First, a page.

This Inter-Agency Transitional Workplan for the North Caucasus presents an expanded framework for the humanitarian operation previously coordinated under the Consolidated Inter-Agency Appeal Process. The humanitarian agencies continue to address urgent humanitarian needs, and together with development agencies they more actively target the root causes of human vulnerability through a broad community, recovery program. Participating agencies (UN, international NGOs, and local NGOs) approach North Caucasus recovery with a set of agreed principles. Among these principles, the first is to ensure continued humanitarian aid based on need for the next few years. Others set guidelines for a longer,term recovery partnership with the government, thus defining the added value of the UN and its key assistance partners. The continuity with the 1999-2005 CAP is one of the greatest strengths of the 2006 Transitional Workplan. The Process of the CAP, as the overall inter-agency mechanism for coordinated, effective humanitarian assistance and protection will remain in place in 2006. On the other hand, what is new is the increasingly well-coordinated and purposive recovery and development assistance.
The document title refers to "transition," reflecting the integration of humanitarian and development action plans. "Transition" is defined as the period between the emergency and development phases, in a postconflict or natural disaster situation, when humanitarian needs must be met and the long-term benefits of rehabilitation and reconstruction have yet to be fully realized. The participating agencies, in consultation with government officials, residents of the North Caucasus, and past and prospective donors, have concluded that this definition suits the current conditions in Chechnya and its neighboring republics. The need on the ground in the North Caucasus is for a range of assistance projects in relief and development to be conducted simultaneously for several years. It is also increasingly important that the government and civil society take full ownership of the recovery and development agenda.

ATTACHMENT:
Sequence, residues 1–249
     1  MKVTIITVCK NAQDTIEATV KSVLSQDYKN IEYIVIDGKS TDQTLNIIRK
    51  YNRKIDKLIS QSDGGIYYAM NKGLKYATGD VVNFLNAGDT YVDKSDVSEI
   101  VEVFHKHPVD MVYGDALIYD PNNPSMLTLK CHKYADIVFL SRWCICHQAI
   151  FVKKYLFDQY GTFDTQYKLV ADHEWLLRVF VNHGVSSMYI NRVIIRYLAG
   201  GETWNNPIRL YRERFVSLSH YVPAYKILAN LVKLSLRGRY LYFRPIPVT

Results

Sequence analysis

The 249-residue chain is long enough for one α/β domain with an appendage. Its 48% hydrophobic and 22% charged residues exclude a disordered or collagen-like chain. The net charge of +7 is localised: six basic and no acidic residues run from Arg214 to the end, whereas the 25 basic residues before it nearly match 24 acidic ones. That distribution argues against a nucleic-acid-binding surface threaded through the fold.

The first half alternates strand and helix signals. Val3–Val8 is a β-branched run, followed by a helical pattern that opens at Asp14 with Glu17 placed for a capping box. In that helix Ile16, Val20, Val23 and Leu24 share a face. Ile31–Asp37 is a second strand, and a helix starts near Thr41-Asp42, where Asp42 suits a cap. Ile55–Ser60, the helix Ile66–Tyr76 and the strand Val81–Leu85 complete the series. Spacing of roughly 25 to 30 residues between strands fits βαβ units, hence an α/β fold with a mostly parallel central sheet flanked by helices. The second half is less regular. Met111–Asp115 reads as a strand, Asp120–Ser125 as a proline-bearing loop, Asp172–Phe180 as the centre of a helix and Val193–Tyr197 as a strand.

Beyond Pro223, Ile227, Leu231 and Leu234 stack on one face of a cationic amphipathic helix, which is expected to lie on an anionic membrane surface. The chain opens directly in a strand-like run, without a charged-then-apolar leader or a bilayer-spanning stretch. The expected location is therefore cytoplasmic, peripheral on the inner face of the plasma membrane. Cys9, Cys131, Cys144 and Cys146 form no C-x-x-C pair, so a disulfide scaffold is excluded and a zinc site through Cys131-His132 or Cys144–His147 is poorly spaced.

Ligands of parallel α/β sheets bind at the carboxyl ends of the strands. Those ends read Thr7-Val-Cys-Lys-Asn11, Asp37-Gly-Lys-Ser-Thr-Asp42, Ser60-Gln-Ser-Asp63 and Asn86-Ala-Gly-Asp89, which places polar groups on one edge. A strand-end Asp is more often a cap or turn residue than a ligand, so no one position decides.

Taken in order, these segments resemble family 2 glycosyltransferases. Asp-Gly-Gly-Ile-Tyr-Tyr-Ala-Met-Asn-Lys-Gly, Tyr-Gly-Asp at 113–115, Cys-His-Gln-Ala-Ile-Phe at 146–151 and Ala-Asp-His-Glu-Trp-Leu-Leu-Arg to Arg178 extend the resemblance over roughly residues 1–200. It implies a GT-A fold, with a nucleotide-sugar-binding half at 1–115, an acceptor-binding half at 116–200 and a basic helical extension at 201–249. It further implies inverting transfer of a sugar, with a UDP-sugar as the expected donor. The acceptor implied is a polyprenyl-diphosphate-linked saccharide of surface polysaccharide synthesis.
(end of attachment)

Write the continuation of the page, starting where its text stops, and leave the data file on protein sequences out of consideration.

To best serve humanitarian need and recovery, the participants in this Workplan set forth three strategic goals, toward which all Sector Response Plans and agency programs will be oriented.
- Enhance protection of the civilian population.
- Provide humanitarian relief and assistance,
improving targeting of the populations most in need.
- Encourage socio,economic recovery and support strategic planning, good governance and local capacity,building.
The total amount of funding requested in this 2006 Transitional Workplan is US$ 88,315,079. This is higher than the 2005 Consolidated Appeal for two reasons. First this recognizes that the need for humanitarian assistance and protection remains the same as in 2005, or might even increase slightly as humanitarian agencies gain easier access within Chechnya, where the most vulnerable population is. Second, it includes a new range of projects promoting recovery and socio-economic development. Corresponding to the needs and the programs proposed, it is hoped that both the traditional humanitarian donors and those offering recovery and development assistance will find this Transitional Workplan informative and compelling.
Sections 35 of the Transitional Workplan present a Common Humanitarian and Recovery Action Plan, comprising situation analysis, collective goals, and sector response plans for 2006. In Section 6, each participating agency puts forth its own profile and planned activities for the year, including a breakdown by sector. The overall picture of resource requirements for this Workplan is presented in the table on the next page. Annexes include supporting information for the Action Plan, including reference to other sources of information that are to be constantly updated throughout the year. Disaggregation of the Action Plan in this document stops at the level of Sector objectives and actions. Corresponding, detailed project proposals may be obtained directly through each operational agency.
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